By: Cliff Kincaid
Accuracy in Media
As the fallout continues from NSA leaker Edward Snowden’s first U.S. television interview, there is a dramatic report that “negotiations” are underway to allow the traitor to return to the U.S., in exchange for a form of immunity from prosecution.
The prospect of Snowden getting back into the U.S., and evading prosecution for some, or most, of his crimes has taken on special importance because of the Obama deal to exchange five terrorists from Gitmo for an American soldier who, by most accounts, deserted his fellow soldiers.
An Obama deal to take Snowden back, in negotiations that seem designed to make him look like a hero, cannot be considered out of bounds for an administration that makes deals that support terrorists in the Middle East. The broker in the Sgt. Bowe Bergdahl deal, the government of Qatar, protected terrorists, including the mastermind of 9/11, Khalid Sheikh Mohammed, for years. It also sponsors the Al Jazeera channel.
Snowden is “considering” returning home to the U.S. under certain conditions, his lawyer told German news magazine Der Spiegel. The lawyer, leftist radical Wolfgang Kaleck, insisted that “There are negotiations” underway and that “an amicable agreement with the U.S, authorities will be most reasonable” when it is completed.
His bio discloses that Kaleck worked from 2004 until 2008 with the Marxist Center for Constitutional Rights (CCR) to pursue frivolous criminal proceedings against members of the U.S. military, including former Secretary of Defense Donald Rumsfeld. The allegations concerned treatment of suspected terrorists at Guantanamo and U.S. prisons in Iraq that were described by CCR as “war crimes.”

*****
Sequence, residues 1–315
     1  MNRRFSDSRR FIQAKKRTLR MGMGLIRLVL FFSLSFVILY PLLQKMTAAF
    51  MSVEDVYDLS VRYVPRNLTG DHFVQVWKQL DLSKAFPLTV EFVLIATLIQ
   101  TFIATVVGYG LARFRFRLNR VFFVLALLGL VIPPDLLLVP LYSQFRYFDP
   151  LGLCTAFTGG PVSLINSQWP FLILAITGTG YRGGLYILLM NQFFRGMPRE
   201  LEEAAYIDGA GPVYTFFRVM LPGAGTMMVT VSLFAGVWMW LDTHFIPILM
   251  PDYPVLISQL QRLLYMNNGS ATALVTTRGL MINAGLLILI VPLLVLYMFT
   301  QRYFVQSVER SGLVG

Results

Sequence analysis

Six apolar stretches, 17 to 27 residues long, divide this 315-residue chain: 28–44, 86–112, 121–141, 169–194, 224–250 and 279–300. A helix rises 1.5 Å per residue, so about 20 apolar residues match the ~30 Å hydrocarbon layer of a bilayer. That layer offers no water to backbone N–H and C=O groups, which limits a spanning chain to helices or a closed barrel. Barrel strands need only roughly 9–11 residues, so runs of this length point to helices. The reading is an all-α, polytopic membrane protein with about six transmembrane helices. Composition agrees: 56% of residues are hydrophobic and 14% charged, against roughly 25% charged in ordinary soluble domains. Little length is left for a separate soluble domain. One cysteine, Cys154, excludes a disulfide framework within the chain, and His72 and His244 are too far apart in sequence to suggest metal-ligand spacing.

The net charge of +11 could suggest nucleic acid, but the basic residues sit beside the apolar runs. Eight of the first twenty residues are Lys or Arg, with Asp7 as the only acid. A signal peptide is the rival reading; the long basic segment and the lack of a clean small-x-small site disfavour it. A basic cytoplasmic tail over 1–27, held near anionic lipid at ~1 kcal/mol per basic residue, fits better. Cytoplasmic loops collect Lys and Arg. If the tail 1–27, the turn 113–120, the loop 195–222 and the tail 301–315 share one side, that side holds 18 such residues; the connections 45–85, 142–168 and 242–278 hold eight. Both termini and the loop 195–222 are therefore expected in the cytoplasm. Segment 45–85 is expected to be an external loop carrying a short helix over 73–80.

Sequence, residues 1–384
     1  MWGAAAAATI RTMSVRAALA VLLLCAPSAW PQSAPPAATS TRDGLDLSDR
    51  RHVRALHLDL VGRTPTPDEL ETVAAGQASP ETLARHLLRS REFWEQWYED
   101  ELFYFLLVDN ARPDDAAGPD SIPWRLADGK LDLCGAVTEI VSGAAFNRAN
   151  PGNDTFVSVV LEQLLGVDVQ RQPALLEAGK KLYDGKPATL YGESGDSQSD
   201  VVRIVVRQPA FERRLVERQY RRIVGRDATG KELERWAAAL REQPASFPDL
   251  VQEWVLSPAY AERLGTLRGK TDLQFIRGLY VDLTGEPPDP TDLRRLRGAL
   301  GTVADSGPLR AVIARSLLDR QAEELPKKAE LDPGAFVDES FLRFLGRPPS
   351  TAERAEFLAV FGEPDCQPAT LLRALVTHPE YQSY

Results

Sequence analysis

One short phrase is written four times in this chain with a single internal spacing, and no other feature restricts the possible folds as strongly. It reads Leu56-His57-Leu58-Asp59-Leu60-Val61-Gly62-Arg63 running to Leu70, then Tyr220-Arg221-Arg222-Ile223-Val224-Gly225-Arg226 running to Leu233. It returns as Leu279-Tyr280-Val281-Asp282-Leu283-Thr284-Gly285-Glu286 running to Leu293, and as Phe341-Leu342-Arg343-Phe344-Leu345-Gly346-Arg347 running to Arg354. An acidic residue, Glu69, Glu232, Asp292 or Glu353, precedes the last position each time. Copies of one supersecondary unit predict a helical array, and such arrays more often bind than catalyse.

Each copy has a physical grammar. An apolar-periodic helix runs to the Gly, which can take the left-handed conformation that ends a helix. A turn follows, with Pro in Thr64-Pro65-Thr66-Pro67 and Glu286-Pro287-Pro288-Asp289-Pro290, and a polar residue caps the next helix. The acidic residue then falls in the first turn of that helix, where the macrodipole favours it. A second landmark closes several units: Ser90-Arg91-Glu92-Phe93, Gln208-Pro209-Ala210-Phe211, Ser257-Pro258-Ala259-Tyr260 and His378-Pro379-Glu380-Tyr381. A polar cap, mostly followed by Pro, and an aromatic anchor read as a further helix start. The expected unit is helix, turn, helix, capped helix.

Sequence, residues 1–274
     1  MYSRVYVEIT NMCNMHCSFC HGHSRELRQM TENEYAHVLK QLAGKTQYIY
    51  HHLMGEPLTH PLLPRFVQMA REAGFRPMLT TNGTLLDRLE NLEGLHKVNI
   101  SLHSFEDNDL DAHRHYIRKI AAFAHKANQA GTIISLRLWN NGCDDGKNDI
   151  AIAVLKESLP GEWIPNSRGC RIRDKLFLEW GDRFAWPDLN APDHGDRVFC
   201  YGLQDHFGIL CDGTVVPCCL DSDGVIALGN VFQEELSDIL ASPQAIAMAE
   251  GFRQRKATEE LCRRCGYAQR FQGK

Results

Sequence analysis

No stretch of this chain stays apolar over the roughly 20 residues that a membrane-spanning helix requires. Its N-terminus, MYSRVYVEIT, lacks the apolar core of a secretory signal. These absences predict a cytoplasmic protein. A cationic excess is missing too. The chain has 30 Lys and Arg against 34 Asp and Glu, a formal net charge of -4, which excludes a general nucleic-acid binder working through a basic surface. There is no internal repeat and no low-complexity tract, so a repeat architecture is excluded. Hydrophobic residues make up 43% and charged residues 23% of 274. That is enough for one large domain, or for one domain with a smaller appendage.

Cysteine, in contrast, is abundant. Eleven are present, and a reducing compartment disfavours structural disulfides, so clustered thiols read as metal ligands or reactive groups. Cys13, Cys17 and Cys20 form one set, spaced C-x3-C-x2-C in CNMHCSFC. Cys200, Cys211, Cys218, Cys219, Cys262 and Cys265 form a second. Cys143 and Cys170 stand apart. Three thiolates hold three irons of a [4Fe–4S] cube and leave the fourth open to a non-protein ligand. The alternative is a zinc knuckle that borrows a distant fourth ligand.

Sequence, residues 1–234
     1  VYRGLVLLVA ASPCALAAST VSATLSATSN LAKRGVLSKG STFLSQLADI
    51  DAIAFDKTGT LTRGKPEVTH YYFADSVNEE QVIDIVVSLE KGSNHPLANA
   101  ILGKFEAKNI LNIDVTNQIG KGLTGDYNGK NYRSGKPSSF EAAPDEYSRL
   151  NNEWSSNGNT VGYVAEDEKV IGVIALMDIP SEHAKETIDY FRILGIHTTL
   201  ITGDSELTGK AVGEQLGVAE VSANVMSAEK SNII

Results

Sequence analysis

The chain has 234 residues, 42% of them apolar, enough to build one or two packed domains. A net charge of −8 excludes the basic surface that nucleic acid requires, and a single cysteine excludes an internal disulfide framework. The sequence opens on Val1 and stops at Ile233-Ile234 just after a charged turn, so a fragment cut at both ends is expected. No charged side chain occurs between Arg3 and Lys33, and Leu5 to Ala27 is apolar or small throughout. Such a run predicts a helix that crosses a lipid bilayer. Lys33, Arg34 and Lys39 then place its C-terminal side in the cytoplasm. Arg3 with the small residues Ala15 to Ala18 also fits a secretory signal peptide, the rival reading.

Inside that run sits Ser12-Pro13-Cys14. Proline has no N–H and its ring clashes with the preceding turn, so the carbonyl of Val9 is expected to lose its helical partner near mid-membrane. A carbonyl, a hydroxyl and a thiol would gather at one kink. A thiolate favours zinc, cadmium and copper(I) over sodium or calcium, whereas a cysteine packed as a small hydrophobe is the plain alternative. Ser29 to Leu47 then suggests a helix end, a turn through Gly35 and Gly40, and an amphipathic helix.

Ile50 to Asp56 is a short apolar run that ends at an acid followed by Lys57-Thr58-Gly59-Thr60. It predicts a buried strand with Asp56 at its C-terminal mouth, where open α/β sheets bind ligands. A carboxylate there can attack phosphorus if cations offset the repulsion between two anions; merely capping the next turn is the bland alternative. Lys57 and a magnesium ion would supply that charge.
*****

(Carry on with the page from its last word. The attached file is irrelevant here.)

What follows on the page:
Another German lawyer assisting Snowden is Hans Christian Ströbele, who represented the communist terrorist group, the Baader-Meinhof Gang—also known as the Red Army Faction (RAF). Ströbele had met with Snowden in Moscow.
Despite the media’s best efforts to make the NSA leaker look like a patriotic whistleblower, an NBC News poll finds that only 24 percent back Snowden’s actions. The way NBC phrased the poll probably inflated support for Snowden.
In the poll, NBC asked people if they backed the “release of information about how government agencies collect intelligence data.” That phrase is a gross understatement about the impact of the classified documents Snowden stole from the NSA and released to Glenn Greenwald and others. Even so, only 24 percent in the poll supported the document thief. This compared with 34 percent who disagree with his actions, and another 40 percent who said they didn’t have an opinion.
Among those who say they’ve closely followed the story, NBC said that 49 percent oppose Snowden’s actions and 33 percent support them.
NBC added, “The overall numbers are essentially unchanged from a January 2014 NBC News/Wall Street Journal poll, when 23 percent of registered voters said they supported Snowden’s actions, versus 38 percent who opposed them.”
About a year ago, a Washington Post-ABC News poll found that a majority of Americans—53 percent—said that Snowden should be charged with a crime for his leaks.
In fact, Snowden has been charged with various crimes, including espionage and theft of government property. But President Obama failed during his recent foreign policy address to call on Moscow to return the former NSA employee to the U.S. to stand trial. This stance can be explained by the fact that negotiations are underway for his return.